moderated Re: seeking advice on windows 10 versus windows 11


 

Hi,

To add to Brian’s points, I strongly advise people to install Windows 10 November 2021 Update (Version 21H2) as soon as it is offered to you (currently 21H2 is being prepared for release at any moment).

At least to give folks something to think about, there was a thread on another list that discussed pros and cons of Windows 11 upgrade:

winaccess@winaccess.groups.io | windows 11 pros and cons

 

There were issues reported in that thread that turns out to be something to do with Edge browser itself (not Windows), you can ignore Edge notes in that thread.

As for the computer itself, to Keith: ask your friend to install Windows 10 for now – just because Windows 11 is here doesn’t mean not all machines are ready for it, particularly if the processor is flagged as not supported by Microsoft documentation and PC Health Check app. If the processor is not one of the following, then you cannot upgrade to Windows 11 (there is an unofficial way, but you must be willing to “sign” a waiver (in the form of agreeing to terms) and future updates are not guaranteed):

  • Intel: Core I3/I5/I7/I9 8000/9000/10000/11000/12000/10XXGn/11XXGn, some newer Xeon, Celeron, Pentium (apart from a very small handful of processors from 7th generation, the processor must be 8th generation (Coffee Lake) or later)
  • AMD: Ryzen 3/5/7 2000/3000/4000/5000, newer Epyc and Athlon (Zen+ family and later)

You must also be licensed to use JAWS 2022 or later (subscription or SMA); 2021 will work to some extent but 2022 is better optimized for Windows 11.

Good luck.

Cheers,

Joseph

 

 

From: main@jfw.groups.io <main@jfw.groups.io> On Behalf Of Brian Vogel
Sent: Wednesday, November 10, 2021 10:16 AM
To: main@jfw.groups.io
Subject: Re: seeking advice on windows 10 versus windows 11

 

On Wed, Nov 10, 2021 at 12:36 PM, Chris Hill wrote:

Two months into a new operating system is just way too soon with windows.

-
Amen to that!!

You can use the PC Health Check app from Microsoft to check to see if your machine is compatible with Windows 11, at least at the moment, as Microsoft still has not said it has finalized all processors that it intends to include.  But if your machine passes the test now, it will not fail it later.  But it could fail it now because your processor is not yet officially supported but the TPM and other requirements are met.  But just because you could update today to Windows 11 doesn't mean you should.

I would encourage anyone except those who love being on "the bleeding edge" to wait a minimum of 6 months, which means next April, before taking the plunge with Windows 11.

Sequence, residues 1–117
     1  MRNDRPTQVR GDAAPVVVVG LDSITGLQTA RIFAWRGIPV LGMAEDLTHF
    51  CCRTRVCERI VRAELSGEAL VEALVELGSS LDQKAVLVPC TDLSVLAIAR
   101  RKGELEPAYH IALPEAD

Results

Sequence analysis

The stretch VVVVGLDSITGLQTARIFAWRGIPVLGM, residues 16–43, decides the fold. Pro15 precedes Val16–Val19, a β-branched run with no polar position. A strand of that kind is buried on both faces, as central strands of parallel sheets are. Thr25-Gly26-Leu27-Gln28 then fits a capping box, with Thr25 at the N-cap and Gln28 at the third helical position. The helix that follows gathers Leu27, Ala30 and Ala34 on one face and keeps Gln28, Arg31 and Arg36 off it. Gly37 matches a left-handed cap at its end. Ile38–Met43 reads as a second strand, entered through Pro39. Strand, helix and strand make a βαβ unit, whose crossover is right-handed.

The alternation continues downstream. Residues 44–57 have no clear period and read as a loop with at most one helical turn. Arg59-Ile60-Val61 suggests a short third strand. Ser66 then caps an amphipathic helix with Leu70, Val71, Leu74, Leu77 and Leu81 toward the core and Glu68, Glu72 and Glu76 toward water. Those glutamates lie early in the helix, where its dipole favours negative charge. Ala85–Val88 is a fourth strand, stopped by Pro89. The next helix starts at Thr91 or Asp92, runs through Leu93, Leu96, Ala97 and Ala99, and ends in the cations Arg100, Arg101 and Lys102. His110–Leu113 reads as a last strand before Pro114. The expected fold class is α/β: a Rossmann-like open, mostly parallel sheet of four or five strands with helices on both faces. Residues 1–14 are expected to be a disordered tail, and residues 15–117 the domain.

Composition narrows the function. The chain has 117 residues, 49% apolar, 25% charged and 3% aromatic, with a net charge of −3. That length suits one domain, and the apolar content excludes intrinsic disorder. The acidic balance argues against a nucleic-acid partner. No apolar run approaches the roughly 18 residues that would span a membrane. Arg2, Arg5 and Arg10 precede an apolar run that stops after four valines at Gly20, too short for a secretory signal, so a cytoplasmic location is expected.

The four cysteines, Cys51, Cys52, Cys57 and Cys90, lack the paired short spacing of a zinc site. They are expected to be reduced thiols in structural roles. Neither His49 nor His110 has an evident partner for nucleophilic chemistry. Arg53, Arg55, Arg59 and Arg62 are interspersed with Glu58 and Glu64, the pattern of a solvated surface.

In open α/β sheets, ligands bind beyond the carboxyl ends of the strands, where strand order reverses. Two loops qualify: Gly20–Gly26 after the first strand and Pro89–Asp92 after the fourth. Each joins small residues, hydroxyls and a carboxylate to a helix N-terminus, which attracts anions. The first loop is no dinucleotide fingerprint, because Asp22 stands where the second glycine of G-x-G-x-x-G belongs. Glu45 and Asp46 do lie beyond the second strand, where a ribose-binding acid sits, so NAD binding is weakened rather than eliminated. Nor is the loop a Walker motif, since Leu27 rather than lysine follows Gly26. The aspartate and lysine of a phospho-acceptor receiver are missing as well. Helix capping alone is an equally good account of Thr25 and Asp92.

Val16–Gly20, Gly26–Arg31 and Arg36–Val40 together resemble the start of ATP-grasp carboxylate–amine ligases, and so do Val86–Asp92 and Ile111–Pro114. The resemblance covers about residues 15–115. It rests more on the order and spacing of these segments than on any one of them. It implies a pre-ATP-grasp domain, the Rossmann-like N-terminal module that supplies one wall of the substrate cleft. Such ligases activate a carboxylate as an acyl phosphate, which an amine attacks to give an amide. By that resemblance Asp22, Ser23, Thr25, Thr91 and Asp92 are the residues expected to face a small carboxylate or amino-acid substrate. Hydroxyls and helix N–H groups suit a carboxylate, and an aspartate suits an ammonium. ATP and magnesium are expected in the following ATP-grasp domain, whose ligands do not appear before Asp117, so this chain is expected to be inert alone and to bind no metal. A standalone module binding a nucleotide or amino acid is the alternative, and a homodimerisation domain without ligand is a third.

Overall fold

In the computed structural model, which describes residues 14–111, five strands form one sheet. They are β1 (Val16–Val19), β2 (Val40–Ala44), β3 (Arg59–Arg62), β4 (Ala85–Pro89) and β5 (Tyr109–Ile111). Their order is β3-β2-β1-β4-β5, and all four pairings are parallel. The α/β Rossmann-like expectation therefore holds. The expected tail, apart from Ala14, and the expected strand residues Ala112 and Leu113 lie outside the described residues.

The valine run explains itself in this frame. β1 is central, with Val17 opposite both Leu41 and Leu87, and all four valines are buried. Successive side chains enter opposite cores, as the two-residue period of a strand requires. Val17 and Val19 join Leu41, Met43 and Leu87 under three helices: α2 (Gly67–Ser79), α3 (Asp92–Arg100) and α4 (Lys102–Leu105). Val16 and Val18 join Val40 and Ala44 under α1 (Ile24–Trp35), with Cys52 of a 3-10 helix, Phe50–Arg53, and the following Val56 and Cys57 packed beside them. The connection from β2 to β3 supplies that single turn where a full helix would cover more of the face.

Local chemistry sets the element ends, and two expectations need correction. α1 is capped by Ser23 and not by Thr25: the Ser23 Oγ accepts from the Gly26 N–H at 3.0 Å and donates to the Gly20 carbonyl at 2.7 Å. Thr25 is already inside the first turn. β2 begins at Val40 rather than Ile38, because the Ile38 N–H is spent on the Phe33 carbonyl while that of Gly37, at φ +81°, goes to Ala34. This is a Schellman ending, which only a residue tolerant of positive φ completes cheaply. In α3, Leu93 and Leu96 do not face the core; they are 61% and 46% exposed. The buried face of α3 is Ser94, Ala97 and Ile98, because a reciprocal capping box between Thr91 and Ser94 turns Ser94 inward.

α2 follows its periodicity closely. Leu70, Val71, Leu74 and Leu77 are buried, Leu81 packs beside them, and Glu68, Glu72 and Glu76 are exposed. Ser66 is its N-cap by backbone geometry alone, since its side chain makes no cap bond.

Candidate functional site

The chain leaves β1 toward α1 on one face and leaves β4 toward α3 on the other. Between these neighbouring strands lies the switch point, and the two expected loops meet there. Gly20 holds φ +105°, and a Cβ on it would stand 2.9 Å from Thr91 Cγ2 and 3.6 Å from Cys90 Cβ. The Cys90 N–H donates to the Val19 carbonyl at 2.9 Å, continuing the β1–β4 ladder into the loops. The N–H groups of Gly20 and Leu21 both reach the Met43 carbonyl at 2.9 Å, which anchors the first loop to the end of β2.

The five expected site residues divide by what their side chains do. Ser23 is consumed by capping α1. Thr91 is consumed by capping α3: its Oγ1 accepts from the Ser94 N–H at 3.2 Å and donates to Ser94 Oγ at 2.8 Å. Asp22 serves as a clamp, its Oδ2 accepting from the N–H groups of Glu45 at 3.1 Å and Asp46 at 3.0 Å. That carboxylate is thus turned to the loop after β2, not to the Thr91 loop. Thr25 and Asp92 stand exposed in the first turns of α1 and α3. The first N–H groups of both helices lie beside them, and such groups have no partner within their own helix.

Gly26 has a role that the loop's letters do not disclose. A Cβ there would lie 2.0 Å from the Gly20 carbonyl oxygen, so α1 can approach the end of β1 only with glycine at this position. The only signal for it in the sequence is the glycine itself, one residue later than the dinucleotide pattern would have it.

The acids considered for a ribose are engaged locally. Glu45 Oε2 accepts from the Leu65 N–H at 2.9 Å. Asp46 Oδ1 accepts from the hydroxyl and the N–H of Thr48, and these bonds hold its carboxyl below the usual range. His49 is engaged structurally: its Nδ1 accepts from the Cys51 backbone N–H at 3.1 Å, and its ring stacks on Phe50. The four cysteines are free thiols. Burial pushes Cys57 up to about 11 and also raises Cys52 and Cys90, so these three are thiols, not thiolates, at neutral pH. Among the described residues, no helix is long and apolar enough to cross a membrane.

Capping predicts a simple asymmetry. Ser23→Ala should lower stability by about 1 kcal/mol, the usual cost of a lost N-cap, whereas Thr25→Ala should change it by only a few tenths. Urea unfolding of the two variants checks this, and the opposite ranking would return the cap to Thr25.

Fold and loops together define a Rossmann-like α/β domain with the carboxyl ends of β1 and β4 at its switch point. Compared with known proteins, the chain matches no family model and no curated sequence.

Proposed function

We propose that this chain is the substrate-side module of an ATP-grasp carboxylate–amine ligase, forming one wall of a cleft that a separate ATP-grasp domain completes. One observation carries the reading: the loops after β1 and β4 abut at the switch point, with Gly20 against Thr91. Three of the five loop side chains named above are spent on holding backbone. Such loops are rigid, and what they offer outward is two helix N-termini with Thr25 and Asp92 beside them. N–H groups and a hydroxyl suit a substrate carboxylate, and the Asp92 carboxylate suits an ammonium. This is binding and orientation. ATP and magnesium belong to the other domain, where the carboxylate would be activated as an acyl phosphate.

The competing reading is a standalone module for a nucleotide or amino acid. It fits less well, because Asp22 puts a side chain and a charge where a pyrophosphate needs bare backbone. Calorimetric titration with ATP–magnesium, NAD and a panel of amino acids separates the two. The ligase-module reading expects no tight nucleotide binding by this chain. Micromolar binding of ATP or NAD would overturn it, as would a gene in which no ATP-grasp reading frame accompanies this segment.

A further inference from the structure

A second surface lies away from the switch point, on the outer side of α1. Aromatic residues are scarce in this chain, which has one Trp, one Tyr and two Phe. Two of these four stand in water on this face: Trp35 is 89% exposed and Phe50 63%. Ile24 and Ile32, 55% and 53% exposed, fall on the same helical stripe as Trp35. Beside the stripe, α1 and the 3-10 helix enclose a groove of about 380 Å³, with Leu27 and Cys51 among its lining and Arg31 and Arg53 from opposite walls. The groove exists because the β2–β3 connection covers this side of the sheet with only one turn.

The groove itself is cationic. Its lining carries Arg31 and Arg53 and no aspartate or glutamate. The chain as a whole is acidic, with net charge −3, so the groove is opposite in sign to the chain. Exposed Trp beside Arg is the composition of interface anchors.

For those who do have Windows 11 compatible hardware, and if there are no reports of major issues with Windows 11 next spring, I would not wait until Windows 10 end of life in 2025 to do that upgrade.  During the first year, in particular, of a new Windows version there is a ton of ongoing exchange of information about how to move from an earlier version to it that dies down substantially afterward.  There is value in being a part of a large group of people trying to deal with the same issues, however small, at the same time when it's fresh in everyone's mind.  You see people who waited trying to upgrade to Windows 10 now from Windows 7 or 8/8.1 and much of what people did "way back when" no longer springs immediately to mind, and a lot of what was true and correct for earlier versions of Windows 10 is no longer true or correct for the most recent Windows 10 versions.  The same is almost certain to be true for Windows 11 as well.

There are those among us, and I may be one of them, who must stay on Windows 10 until it is retired if Microsoft does not end up adding my processor to the list of those officially supported by Windows 11, and I'm not about to rush out and buy a new machine just to have Windows 11.  But by the time 2025 rolls around my laptop will be eight years old, and that means it will have lived out a full service life and I'd expect to be replacing it anyway.
 
Right now, in general but particularly with regard to interactions with the various screen readers, Windows 11 information is quite sparse.  I'd start out with Windows 10 initially and only upgrade to Windows 11 later if your hardware supports it.
--

Brian - Windows 10, 64-Bit, Version 21H1, Build 19043  

It is the function of creative men to perceive the relations between thoughts, or things, or forms of expression that may seem utterly different, and to be able to combine them into some new forms--the power to connect the seemingly unconnected.

    ~ William Plomer

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